Most nonprofits rely on their donor newsletter for communication with their supporters.
They slap it together, click “send,” and mark the item off the old “To Do” list.
The problem is that most donor newsletters are crap.
They’re a waste of time for the reader.
They’re boring, full of jargon, and written in ego-centric language that leaves the reader feeling like an outsider.
Don’t believe me? Put yourself in their shoes for a minute.
Imagine you find a nonprofit that strikes a chord in your heart.
Looks like they’re doing great work, so you make a modest donation online to test the waters.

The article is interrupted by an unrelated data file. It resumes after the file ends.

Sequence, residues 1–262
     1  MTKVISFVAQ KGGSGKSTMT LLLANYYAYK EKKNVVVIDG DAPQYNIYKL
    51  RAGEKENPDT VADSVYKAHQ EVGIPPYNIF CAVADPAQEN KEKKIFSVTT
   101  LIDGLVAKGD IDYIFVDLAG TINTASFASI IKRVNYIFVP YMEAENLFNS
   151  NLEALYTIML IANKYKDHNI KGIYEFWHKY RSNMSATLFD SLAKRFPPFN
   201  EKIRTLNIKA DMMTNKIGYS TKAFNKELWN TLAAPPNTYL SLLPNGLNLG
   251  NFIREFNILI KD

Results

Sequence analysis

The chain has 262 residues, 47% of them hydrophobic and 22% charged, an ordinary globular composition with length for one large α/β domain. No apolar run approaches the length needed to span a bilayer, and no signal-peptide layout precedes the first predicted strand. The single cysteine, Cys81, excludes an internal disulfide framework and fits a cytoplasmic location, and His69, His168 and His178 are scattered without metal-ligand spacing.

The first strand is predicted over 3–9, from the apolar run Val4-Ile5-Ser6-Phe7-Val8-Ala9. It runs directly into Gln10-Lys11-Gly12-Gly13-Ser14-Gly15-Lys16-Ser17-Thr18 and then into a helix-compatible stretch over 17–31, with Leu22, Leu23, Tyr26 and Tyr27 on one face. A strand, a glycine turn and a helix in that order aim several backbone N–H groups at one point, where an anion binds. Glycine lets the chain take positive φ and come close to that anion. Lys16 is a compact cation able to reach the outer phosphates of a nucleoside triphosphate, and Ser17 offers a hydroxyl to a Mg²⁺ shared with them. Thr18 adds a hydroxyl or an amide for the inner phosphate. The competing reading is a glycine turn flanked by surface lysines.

You get a lukewarm thank-you letter/receipt for your records.
After a while, you get a donor newsletter. You excitedly open it, but there’s not much inside worth reading.
There’s nothing that fans the flames in your heart for their mission. There’s nothing that makes you feel like one of the team.
In short, the newsletter is a flop at making you feel like a valued partner in the nonprofit’s work.
Create a Dynamic, Delightful Donor Newsletter
Instead of boring your donors, let’s set their hearts aflame for your nonprofit’s mission!
Think of your donor newsletter as a chance to give your supporters an update.
Tell her the good news about what her donation made possible.
Give her a reason to feel GOOD about giving to your nonprofit.
Hint: you’re not going to accomplish this at the last minute. You need to give yourself time and space to think and purposefully plan a newsletter that will delight your donor.